These operational capabilities are independent of the specific geopolitical situation prevailing at the time of any future hostilities, so it is not really appropriate to assign capabilities to any one strategic scenario. In other words, it would not be correct to say that Poorna Vijay was intended as a rehearsal of an armoured thrust to Rahimyar Khan, although that objective does fall within the operational capabilities revealed by Poorna Vijay. The capabilities, then, could be used to accomplish one of several likely objectives: in a shallow thrust to gain territory as a bargaining chip; in an attack to draw out and grind down the enemy’s strategic reserves; or in a limited war situation to achieve some spatially or force-limited objectives. Significantly, the Indian military is now seeking to accomplish these objectives even after nuclear weapons have been used. In the final analysis, the main utility of these capabilities may be to introduce some caution in Pakistani thinking about the scope and limitations of a nuclear deterrent.

Acknowledgements and Disclaimer

This article benefited immensely from discussions on the Bharat Rakshak Forum (www.bharat-rakshak.com/forum) on this and other topics. I am especially grateful to Johann Price and Rupak Chattopadhyay for their keen interest in my efforts; for their penetrating observations that I have shamelessly borrowed; and for providing me with an excellent initial compilation of articles on Poorna Vijay. The opinions presented in this article are entirely personal, and do not represent those of my employer or any other organization.

Notes

[i] Figures on the reported number of personnel involved vary wildly for this as well as other exercises. Poorna Vijay seems to have involved 40,000 personnel to 70,000 personnel. Figures for previous exercises show similar variation – Shiv Shakti involved 60,000 to 72,000 personnel depending upon who reported it, while Vijay Chakra involved 20,000 to 30,000 personnel.

[ii] These included MIG-21, MIG-23, MIG-27, MIG-29, Jaguar, IL-76, AN-32, Avros and Dorniers. The helicopters are Chetak, Cheetah, MI-8, MI-17, the newly-inductedMI-17 IV and attack helicopters MI-35 [7 ].

[iii] The Tribune (17 February 2000) states that the smaller Exercise Vijay Chakra, covered an area of 150 square km.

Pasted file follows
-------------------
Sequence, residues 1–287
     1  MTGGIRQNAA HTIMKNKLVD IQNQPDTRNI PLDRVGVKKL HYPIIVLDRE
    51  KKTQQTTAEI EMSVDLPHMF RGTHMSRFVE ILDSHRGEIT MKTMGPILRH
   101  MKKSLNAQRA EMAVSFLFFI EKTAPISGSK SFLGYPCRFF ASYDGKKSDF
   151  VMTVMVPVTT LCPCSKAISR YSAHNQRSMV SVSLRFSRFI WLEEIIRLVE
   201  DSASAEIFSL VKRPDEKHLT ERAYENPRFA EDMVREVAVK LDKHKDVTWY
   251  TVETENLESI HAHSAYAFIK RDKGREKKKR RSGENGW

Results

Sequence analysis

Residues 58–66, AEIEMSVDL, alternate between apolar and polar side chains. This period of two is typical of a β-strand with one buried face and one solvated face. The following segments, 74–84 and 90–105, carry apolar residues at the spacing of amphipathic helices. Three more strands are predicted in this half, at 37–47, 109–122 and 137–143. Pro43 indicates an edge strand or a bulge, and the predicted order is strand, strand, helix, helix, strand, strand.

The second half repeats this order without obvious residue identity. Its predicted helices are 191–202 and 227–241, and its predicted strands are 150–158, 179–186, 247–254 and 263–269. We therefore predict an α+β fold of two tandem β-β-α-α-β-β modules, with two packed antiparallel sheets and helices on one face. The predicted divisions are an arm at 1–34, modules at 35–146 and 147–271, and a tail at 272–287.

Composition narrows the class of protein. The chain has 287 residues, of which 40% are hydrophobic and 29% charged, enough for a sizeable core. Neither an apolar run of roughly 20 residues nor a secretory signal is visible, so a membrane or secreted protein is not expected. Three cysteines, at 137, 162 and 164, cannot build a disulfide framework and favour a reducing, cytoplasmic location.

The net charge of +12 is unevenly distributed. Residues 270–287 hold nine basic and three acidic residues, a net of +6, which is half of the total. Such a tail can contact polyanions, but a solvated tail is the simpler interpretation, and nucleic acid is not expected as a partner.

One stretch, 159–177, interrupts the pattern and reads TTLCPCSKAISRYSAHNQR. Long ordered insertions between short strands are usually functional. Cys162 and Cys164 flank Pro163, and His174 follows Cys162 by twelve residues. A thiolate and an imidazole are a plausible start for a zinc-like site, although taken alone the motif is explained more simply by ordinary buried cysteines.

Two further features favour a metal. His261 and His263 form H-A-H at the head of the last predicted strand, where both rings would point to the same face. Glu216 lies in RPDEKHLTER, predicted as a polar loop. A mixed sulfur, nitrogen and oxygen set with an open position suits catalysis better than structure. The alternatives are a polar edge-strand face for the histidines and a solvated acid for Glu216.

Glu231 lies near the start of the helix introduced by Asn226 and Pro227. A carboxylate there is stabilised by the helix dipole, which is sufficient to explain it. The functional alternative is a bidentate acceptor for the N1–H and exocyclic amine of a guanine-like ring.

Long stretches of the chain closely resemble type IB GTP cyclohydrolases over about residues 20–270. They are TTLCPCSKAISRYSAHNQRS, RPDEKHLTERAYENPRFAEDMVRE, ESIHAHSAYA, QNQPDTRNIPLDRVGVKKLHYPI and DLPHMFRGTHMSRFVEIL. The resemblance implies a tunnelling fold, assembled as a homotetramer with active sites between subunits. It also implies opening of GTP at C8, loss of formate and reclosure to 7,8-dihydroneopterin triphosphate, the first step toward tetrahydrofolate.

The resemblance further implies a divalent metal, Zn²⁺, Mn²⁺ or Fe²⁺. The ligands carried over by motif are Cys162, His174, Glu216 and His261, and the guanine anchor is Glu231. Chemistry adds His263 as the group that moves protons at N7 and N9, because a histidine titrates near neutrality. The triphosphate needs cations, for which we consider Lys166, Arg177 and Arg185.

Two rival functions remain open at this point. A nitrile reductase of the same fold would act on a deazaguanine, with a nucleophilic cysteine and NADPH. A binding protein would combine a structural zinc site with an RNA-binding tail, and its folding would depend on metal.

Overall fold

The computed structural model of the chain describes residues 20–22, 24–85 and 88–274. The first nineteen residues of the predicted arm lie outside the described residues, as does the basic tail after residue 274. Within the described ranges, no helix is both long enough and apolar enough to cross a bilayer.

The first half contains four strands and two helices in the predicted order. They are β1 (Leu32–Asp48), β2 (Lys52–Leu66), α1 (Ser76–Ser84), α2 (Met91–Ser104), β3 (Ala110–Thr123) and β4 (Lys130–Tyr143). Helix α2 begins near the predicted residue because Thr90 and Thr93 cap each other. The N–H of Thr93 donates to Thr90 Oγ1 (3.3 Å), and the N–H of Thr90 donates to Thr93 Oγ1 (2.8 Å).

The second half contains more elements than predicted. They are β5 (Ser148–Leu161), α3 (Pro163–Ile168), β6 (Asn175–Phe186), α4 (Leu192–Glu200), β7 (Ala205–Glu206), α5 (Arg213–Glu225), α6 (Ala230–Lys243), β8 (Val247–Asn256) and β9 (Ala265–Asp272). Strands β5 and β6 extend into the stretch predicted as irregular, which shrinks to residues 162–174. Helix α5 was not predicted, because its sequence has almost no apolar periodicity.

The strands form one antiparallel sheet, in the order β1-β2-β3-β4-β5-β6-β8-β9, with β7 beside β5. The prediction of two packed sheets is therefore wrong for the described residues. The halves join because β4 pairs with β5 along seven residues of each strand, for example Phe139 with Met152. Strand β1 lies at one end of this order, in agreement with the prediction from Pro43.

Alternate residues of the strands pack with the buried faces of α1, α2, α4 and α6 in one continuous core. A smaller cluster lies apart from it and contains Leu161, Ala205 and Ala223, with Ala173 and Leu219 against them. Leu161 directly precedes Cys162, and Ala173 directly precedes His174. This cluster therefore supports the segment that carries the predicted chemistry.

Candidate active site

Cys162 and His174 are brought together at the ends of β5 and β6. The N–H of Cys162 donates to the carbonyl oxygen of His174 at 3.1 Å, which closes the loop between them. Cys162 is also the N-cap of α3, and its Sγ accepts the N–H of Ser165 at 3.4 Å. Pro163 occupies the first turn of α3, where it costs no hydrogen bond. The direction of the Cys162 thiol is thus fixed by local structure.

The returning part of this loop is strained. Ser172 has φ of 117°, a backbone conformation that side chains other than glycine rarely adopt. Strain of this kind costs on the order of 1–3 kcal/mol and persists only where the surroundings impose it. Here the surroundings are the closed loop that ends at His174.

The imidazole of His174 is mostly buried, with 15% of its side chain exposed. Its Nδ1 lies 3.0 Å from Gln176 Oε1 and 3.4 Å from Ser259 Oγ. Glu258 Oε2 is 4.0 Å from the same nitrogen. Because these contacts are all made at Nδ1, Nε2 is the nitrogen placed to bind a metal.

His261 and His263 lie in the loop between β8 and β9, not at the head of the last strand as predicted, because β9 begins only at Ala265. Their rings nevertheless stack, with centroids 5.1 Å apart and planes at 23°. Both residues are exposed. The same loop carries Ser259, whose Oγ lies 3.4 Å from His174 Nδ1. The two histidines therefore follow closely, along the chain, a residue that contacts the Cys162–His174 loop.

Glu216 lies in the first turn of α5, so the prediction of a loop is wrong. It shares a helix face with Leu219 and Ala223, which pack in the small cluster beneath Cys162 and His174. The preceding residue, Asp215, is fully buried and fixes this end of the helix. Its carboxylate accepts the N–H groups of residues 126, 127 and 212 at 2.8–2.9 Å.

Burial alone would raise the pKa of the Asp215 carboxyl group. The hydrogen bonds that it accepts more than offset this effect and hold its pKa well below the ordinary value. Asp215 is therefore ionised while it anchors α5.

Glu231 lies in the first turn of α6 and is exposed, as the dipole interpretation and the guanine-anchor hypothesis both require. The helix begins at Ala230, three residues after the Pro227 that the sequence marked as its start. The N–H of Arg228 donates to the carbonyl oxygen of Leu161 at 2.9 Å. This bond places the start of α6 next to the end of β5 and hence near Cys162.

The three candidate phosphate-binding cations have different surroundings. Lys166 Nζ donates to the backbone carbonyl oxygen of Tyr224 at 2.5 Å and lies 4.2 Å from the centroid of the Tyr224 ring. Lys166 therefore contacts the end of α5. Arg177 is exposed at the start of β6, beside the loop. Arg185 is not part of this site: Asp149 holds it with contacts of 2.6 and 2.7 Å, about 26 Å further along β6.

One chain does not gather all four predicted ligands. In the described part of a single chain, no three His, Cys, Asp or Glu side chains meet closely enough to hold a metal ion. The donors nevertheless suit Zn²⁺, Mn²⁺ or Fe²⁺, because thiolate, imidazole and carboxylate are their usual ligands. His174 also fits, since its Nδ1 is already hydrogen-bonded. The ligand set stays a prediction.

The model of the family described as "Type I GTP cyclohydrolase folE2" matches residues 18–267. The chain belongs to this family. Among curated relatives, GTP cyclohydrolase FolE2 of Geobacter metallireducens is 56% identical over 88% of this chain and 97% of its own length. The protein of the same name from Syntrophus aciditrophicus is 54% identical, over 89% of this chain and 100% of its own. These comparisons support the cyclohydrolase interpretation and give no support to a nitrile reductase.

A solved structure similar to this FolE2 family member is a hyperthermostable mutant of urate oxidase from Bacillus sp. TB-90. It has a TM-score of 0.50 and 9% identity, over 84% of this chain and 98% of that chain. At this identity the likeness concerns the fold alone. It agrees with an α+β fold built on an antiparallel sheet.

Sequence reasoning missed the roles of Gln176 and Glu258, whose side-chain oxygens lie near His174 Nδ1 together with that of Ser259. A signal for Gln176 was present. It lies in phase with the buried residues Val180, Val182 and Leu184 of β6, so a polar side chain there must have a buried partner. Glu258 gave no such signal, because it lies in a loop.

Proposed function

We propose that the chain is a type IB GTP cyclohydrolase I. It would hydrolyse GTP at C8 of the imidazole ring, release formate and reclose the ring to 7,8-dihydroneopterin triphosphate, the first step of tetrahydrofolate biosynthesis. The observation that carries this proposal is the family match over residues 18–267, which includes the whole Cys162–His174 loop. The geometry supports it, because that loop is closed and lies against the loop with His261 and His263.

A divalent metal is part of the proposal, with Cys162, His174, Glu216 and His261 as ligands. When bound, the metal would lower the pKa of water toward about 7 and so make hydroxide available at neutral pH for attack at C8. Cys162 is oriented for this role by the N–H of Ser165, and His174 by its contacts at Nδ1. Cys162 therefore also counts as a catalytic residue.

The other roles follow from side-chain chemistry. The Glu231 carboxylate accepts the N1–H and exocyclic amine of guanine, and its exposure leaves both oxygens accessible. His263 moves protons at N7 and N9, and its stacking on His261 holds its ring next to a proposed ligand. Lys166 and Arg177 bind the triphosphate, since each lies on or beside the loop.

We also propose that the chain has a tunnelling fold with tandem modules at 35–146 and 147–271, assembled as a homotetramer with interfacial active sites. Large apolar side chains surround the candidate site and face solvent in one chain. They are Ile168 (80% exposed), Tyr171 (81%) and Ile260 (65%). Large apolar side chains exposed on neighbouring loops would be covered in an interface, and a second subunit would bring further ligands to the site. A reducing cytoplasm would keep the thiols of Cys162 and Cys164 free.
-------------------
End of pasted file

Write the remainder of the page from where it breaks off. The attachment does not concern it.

[iv] IAF’s nighttime combat capabilities have improved massively since then, as witnessed by the around-the-clock strikes in Operation Safed Sagar.

References

  1. India showcases its military might, HT Correspondent, Chandigarh, May 7, http://www.hindustantimes.com/nonfram/080501/detNAT02.asp,
  2. Pioneer News Service, New Delhi, May 08 2001 www.the-pioneer.com
  3. War games: Army downplays N-angle, Vishal Thapar, Thar Desert, May 10 2001, The Hindustan Times Online Edition http://www.hindustantimes.com/nonfram/110501/detnat06.asp
  4. Gaurav C Sawant, More exercises to help armed forces achieve Poorna Vijay, Indian Express Online Edition, 7 May 2001
  5. Two exercises to hone fighting skills, Defence India Consultants. http://www.defenceindia.com/test1/templ.php3?filename=news15.html
  6. Army, Air Force begin joint exercises, Bikaner, February 16 2000, Shishir Gupta, The Hindustan Times Online Edition. http://www.hindustantimes.com/nonfram/170200/detFRO08.htm
  7. IAF to rework MiG 21 pilot training: Krishnaswamy, Express News Service, New Delhi, May 8 2001. www.indian-express.com
  8. Arun Sharma, Defense exercises in Punjab plains today, Indian Express, Wed May 15 2001, Jammu.
  9. PTI, May 17 2001, Army's other wargame Vijay Shakti ends, Hindustan Times Online Edition.(www.hindustantimes.com
  10. IAF grind in extreme conditions, Pioneer News Service, New Delhi, 9 May 2001.
  11. IAF pilots in Poorna Vijay learning to combat nuclear attack, Sutirtho Patranobis, New Delhi, 8 May 2001, The Newspaper Today.
  12. R. Prasannan, War Games, The Week Online Edition, 13 December 1998. www.the-week.com
  13. Manoj Joshi, Future Combat, India Today Online Edition, 21 December 1998. www.india-today.com
  14. Lt. Gen. (Retd.) Satish Nambiar, Preparing for Purna Vijay, The Newspaper Today, 16 May 2001.
  15. Sanjay Badri Maharaj, The Armagedoon Factor, XXXX Press, 2000.
  16. Atul Aneja, Air Land Battle Concept to be Adopted, The Hindu Online Newspaper, 29 April 1999, www.the-hindu.com
  17. R. Prasannan, War games, The Week Online Magazine, 13 December 1998, www.the-week.com
  18. Shishir Gupta, Army, Air Force begin joint exercises, The Hindustan Times Online Newspaper, 17 February 2000.
  19. Operation Vijay Chakra (sic) begins in Thar deserts, The Daily Excelsior, 15 February 2000. www.dailyexcelsior.com
  20. Amarjit Thind, Tribune News Service, Exercise Vijay Chakra begins, 15 February 2000. www.tribuneindia.com
  21. Tribune News Service, Brahmastra to be an annual affair, 6 May 2000. www.tribuneindia.com
  22. Brahmastra, Daily Excelsior Editorial, 6 May 2000. www.dailyexcelsior.com
  23. Vijay Mohan, Tribune News Service, N-warfare training for recruits, 25 April 2001. www.tribuneindia.com
  24. India Times News Service, A fine show of the might of armed forces, 17 February 2000. www.indiatimes.com
  25. John Cherian, An exercise in anticipation, Frontline Online Magazine, Volume 8 Issue 11, 26 May 2001. www.flonnet.com
  26. Heat and dust: Exercise Poorna Vijay, 1 September 2001. www.stratmag.com